Byron Jewell | April 14th, 2020
Colts general manager Chris Ballard has made a series of moves and signing he normally doesn’t make this offseason. He addressed one of the biggest needs on the roster after trading their first-round pick for Pro Bowl defensive lineman DeForest Buckner. He also decided it was time to take the keys of the offense away from Jacoby Brissett and give them to Philip Rivers after they signed the veteran quarterback to a one-year deal. The team also decided to release Pierre Desir and replace him with long time Vikings’ cornerback Xavier Rhodes. All in all, the Colts have addressed a lot of their needs during the free agency period. Now, they shift their focus to the NFL Draft where they have seven total picks, after trading their first-round selection.
To simulate this mock draft, I used The Draft Network simulator.
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Round 2, Pick 34: Jeff Gladney, CB, TCU
Rock Ya-Sin and Marvell Tell showed good promise their rookie season but still needs that dynamic athlete in the secondary. The team feels like they have improved their cornerback position by signing Rhodes and veteran depth piece T.J. Carrie, but it can still get better. Gladney is the perfect selection.
Gladney fits almost every threshold the Colts have for their corners. Long arms, strong in press, good tackling, and competitive. Gladney is a developmental starter with a high ceiling. He has very strong instincts as well and playing in a heavy zone scheme like the Colts will excel his best qualities. Wouldn’t be thrown into the fire right away, but will have a good opportunity to make a strong rookie impact.
Round 2, Pick 44: Michael Pittman Jr, WR, USC
After focusing on the defense for the majority of the offseason, it’s time to give the newly acquired Rivers, some help. This is the team’s biggest area of concern, especially after losing Devin Funchess to the Green Bay Packers in free agency. T.Y. Hilton is now aging a bit at 30-years-old and Parris Campbell has a nice ceiling but only played seven games a rookie. Zach Pascal showed some promise but the teams pass catchers could use some help.
Pittman is one of my favorite prospects in the draft. He’s a big guy at 6’4″ and 223 pounds, with excellent length, physicality, and toughness. However, he showed there’s a lot more than just size to his game. He has good body control, soft hands, and is an underrated athlete with good short area quickness. He was a team captain and had steady increase in college production. Pittman is the big-bodied wideout the Colts desperately need.
Michael Pittman Jr. with a 10 catch, 232 rec yd game against a good Utah defense
USC kept giving him shots down the field over and over again, it kept working pic.twitter.com/wQJL4lSNdY
— Connor Rogers (@ConnorJRogers) September 23, 2019
Round 3, Pick 75: Matt Peart, OT, UConn
Anthony Castonzo re-signed to a two-year deal this offseason but the Colts also lost quality depth piece, Joe Haeg. Ballard loves to build in the trenches and Peart is that perfect developmental piece at offensive tackle. He posses elite length and is a good functional athlete. His knowledge and technique could use a little refinement, but he’s a good candidate to take Castonzo’s position in two years.
Round 4, Pick 122: Albert Okwuegbunam, TE, Mizzou
Rivers loves his tight ends, as we learned from his days with the Chargers. From Antonio Gates to Hunter Henry, he likes the find the big-bodied targets often. The Colts decided to part ways with Eric Ebron, after a disappointing campaign last season, but managed to sign Jack Doyle to a three-year extension. Okwuegbunam is huge at 6’5 and 258 pounds and can serve as a miss-match during passing situations. He’s an intriguing prospect giving the blend of his size, length, and insane speed. Needs to grow as a blocker, but would be a good compliment to Doyle.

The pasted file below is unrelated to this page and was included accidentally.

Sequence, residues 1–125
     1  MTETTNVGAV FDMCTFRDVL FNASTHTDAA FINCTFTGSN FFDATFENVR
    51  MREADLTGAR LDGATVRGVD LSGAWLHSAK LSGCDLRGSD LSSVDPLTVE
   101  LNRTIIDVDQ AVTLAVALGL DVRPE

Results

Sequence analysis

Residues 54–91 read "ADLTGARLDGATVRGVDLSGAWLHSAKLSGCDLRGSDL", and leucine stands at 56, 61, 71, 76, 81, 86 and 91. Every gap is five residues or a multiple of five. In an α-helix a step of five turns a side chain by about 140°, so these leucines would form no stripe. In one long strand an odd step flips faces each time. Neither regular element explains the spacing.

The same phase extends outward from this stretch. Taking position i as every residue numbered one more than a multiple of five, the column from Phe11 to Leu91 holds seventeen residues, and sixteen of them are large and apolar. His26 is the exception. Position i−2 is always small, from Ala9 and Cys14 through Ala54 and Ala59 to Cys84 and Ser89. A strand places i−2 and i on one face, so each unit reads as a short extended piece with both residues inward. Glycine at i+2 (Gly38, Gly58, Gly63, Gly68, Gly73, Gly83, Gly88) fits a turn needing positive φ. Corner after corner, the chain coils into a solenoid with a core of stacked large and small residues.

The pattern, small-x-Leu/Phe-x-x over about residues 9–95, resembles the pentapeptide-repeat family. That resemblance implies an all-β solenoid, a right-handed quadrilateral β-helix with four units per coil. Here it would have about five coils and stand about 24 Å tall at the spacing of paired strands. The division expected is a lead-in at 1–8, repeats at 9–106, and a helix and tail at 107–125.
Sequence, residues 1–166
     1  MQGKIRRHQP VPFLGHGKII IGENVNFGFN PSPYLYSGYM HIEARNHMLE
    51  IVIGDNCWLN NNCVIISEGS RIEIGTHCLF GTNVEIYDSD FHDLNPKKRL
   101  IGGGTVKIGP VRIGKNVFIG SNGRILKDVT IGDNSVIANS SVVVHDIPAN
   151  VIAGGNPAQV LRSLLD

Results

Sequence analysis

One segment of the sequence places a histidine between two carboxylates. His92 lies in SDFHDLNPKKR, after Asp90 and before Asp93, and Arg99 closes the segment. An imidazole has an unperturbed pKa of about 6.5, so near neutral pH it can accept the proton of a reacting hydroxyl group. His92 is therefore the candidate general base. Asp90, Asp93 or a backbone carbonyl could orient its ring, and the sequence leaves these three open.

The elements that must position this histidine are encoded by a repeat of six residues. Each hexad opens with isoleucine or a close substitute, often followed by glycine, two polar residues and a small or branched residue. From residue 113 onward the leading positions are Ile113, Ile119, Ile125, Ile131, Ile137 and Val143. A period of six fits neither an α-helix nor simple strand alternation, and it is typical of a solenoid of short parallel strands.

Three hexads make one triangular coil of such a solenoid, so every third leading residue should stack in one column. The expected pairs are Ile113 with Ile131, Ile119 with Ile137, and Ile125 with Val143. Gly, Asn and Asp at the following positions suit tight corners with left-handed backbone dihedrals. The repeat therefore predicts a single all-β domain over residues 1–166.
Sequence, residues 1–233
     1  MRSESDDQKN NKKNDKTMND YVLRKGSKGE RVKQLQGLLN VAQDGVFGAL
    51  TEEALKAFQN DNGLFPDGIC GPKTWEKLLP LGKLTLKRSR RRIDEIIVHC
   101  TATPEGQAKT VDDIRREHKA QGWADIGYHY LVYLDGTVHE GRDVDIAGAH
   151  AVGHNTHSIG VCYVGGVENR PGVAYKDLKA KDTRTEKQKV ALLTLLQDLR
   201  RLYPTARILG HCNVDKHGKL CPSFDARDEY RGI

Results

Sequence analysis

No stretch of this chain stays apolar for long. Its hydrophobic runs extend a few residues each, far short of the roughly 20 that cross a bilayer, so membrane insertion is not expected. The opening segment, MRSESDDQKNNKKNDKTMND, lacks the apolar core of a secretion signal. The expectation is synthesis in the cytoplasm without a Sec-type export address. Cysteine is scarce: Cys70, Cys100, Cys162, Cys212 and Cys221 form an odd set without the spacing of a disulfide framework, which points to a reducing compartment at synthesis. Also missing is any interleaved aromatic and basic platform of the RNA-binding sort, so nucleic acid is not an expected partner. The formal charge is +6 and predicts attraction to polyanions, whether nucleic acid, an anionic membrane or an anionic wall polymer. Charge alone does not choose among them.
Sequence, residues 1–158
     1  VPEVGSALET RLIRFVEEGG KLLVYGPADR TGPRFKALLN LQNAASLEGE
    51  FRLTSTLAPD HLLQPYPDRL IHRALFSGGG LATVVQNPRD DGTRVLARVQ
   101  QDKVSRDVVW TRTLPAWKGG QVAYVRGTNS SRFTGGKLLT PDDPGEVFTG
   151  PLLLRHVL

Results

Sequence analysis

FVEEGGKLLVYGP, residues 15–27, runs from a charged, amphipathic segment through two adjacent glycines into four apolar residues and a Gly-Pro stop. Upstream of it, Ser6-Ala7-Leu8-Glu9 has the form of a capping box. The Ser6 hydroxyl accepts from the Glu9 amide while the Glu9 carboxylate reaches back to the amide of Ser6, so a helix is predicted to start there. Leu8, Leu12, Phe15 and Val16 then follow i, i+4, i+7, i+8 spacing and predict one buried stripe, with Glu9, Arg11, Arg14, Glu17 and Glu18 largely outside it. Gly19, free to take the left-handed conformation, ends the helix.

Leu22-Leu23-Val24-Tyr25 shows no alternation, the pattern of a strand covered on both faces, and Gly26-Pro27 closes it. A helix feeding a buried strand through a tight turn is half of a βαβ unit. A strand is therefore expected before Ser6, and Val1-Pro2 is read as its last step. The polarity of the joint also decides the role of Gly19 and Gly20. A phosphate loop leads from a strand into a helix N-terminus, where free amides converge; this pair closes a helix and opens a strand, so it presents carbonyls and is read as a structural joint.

6'5", 258 lbs.@MizzouFootball TE Albert Okwuegbunam runs a 4.49u 40-yard dash!
Would tie for fourth-fastest 40 by a tight end since 2003.
— NFL (@NFL) February 27, 2020
Round 5, Pick 160: Michael Onwenu, G, Michigan
Mark Glowinski had a rather inconsistent year last season but for now, he’s still the starting right guard. Ballard loves to have depth in the trenches and Onwenu would be great in the Colts zone blocking scheme. He was a strong anchor at right guard for the Wolverines and show nice power at the point of attack. Better in the run game now, but needs to sustain blocks longer and show better mobility. Good development backup piece with decent upside.
Round 6, Pick 193: Isaiah Coulter, WR, Rhode Island
Though he played at an FCS level, Coulter could potentially end up as a starting receiver in the pros. He has excellent body control and ball skills, while also showing a natural ability for long vertical receptions with his great athleticism. Ballard has drafted an FCS receiver before, Daurice Fountain, who showed to be one of the more promising receivers in camp last year. Coulter will need time to adjust to NFL quality competition, but this is a great low-risk high-reward selection.
Round 6, Pick 197: James Morgan, QB, Florida International
Rivers and Brissett are both only have one season on remaining on their contracts, and with the position up in the air after next year, they need to add some youth. The Colts have been in contact with Morgan throughout the pre-draft process. Morgan has excellent intangibles, with a surprisingly nice level of arm talent. Getting mentored by Rivers and coached by offensive-guru Frank Reich could go a long way here, and could eventually lead to Morgan leading the offense.
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Main Image Credit:Embed from Getty Images